Author Topic: The Trial of George Zimmerman  (Read 40280 times)

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Offline chitoryu12

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Re: The Trial of George Zimmerman
« Reply #15 on: June 26, 2013, 06:23:31 pm »
The most important factor in the case is that Zimmerman was the one who started the confrontation. If someone is walking down the street, whether or not you think that they're "up to no good", YOU are the one who started the fight if you run up and start acting aggressively toward them. It's a different case if the person is obviously in the process of committing a crime, such as if you see him rapidly closing on someone who hasn't noticed him. But all evidence indicates that Martin was simply walking home, unarmed.

The attempts to paint Martin as a thug from his past behavior, regardless of their truth, are irrelevant to the case. Zimmerman didn't know Martin's past or predilection toward crime and violence. All he saw was a black kid in a hoodie walking down the street at night. On the other hand, Zimmerman's past behavior IS relevant because there's evidence of him specifically mentioning black youths as potential threats when giving safety spiels as part of his Neighborhood Watch duties. Also, any evidence of past aggression would be relevant as it backs up any indicators that Zimmerman approached Martin and started the confrontation rather than the other way around.
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Offline Askold

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Re: The Trial of George Zimmerman
« Reply #16 on: June 27, 2013, 12:27:59 am »
I've heard it said that it specifically does NOT matter who started the confrontation, all that is needed is to prove that Zimmerman was afraid for his life.
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Offline mellenORL

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Re: The Trial of George Zimmerman
« Reply #17 on: June 27, 2013, 12:51:42 am »
Stand Your Ground.

Riot inducing stupid law.

Let's hope the jury won't do it.

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Offline chitoryu12

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Re: The Trial of George Zimmerman
« Reply #18 on: June 27, 2013, 01:42:47 am »
I've heard it said that it specifically does NOT matter who started the confrontation, all that is needed is to prove that Zimmerman was afraid for his life.

It's still ambiguous. If Martin attacked out of fear (which would be highly justifiable in this case), Zimmerman has much less defense when he kills the person. In this case, Zimmerman was the aggressor and inciting a fight. Who threw the first punch is relevant, but so is WHY the first punch was thrown.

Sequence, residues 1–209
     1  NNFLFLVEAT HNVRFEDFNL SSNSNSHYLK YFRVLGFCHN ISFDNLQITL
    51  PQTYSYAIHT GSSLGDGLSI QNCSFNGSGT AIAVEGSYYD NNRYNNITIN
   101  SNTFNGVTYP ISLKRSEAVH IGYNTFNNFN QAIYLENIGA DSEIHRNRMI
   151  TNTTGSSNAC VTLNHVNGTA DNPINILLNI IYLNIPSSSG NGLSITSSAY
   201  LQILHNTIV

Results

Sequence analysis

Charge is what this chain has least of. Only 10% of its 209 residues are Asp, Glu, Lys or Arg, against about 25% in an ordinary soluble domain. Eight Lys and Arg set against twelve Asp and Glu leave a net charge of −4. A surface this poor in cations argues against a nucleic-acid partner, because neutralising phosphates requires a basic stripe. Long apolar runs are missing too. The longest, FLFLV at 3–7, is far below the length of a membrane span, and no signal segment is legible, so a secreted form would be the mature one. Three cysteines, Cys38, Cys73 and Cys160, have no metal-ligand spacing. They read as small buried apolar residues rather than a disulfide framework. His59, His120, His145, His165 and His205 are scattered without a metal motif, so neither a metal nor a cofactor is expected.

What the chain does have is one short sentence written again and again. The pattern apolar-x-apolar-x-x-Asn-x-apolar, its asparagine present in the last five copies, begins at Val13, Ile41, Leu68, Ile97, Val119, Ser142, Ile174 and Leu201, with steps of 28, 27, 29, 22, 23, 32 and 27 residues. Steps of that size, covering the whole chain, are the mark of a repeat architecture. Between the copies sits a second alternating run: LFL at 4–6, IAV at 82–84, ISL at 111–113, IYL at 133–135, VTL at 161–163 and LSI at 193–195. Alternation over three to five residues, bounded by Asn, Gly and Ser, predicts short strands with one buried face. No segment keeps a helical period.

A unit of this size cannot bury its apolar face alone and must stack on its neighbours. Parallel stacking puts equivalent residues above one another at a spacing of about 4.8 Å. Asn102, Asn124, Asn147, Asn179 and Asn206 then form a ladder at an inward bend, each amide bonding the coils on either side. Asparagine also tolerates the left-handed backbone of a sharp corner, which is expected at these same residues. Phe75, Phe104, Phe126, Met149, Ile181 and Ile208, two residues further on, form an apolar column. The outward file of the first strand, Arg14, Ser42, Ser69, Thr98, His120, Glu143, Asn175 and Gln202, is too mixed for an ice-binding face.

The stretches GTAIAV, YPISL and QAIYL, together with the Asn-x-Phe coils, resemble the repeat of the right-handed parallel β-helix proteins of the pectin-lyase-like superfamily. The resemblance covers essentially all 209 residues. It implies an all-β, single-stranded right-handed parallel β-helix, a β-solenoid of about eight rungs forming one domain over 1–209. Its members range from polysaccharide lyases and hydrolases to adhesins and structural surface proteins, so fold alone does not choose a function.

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Offline erictheblue

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Re: The Trial of George Zimmerman
« Reply #19 on: June 27, 2013, 07:08:53 am »
I've heard it said that it specifically does NOT matter who started the confrontation, all that is needed is to prove that Zimmerman was afraid for his life.

Zimmerman wasn't defending himself in his house.

Quote from: Fl. Statutes Title XLVI 782.02
Justifiable use of deadly force.—The use of deadly force is justifiable when a person is resisting any attempt to murder such person or to commit any felony upon him or her or upon or in any dwelling house in which such person shall be.

In plain English, in order to use SYG, you have to be preventing a felony in your home.
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Re: The Trial of George Zimmerman
« Reply #20 on: June 27, 2013, 09:55:44 am »
....so this is Castle Doctorine?

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Offline Jack Mann

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Re: The Trial of George Zimmerman
« Reply #21 on: June 27, 2013, 10:50:34 am »
I've heard it said that it specifically does NOT matter who started the confrontation, all that is needed is to prove that Zimmerman was afraid for his life.

Zimmerman wasn't defending himself in his house.

Quote from: Fl. Statutes Title XLVI 782.02
Justifiable use of deadly force.—The use of deadly force is justifiable when a person is resisting any attempt to murder such person or to commit any felony upon him or her or upon or in any dwelling house in which such person shall be.

In plain English, in order to use SYG, you have to be preventing a felony in your home.

That's the federal Stand Your Ground guidelines, which are basically a subset of the Castle Doctrine.  However, the Florida Stand Your Ground law applies anywhere you have a legal right to be.

EDIT:  In fact, if Martin had killed Zimmerman instead, it would have been defensible under the Stand Your Ground Law. 
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Re: The Trial of George Zimmerman
« Reply #22 on: June 27, 2013, 12:01:10 pm »
Eric's quote is directly from Florida statutes.
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Offline mellenORL

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Re: The Trial of George Zimmerman